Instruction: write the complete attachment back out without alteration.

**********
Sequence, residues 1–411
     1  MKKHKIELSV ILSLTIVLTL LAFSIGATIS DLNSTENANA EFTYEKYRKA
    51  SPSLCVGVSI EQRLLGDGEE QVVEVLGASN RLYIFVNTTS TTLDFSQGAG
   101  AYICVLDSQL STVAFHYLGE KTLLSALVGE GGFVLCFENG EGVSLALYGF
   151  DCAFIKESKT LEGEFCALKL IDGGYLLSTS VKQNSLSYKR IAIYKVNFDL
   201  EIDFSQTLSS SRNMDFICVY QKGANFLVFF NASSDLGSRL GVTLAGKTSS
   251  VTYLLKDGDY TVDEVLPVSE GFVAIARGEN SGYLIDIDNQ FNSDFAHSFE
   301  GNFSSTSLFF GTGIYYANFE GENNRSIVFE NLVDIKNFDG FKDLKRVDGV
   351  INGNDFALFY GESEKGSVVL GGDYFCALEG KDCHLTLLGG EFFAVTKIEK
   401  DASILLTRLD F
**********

Sequence, residues 1–411
     1  MKKHKIELSV ILSLTIVLTL LAFSIGATIS DLNSTENANA EFTYEKYRKA
    51  SPSLCVGVSI EQRLLGDGEE QVVEVLGASN RLYIFVNTTS TTLDFSQGAG
   101  AYICVLDSQL STVAFHYLGE KTLLSALVGE GGFVLCFENG EGVSLALYGF
   151  DCAFIKESKT LEGEFCALKL IDGGYLLSTS VKQNSLSYKR IAIYKVNFDL
   201  EIDFSQTLSS SRNMDFICVY QKGANFLVFF NASSDLGSRL GVTLAGKTSS
   251  VTYLLKDGDY TVDEVLPVSE GFVAIARGEN SGYLIDIDNQ FNSDFAHSFE
   301  GNFSSTSLFF GTGIYYANFE GENNRSIVFE NLVDIKNFDG FKDLKRVDGV
   351  INGNDFALFY GESEKGSVVL GGDYFCALEG KDCHLTLLGG EFFAVTKIEK
   401  DASILLTRLD F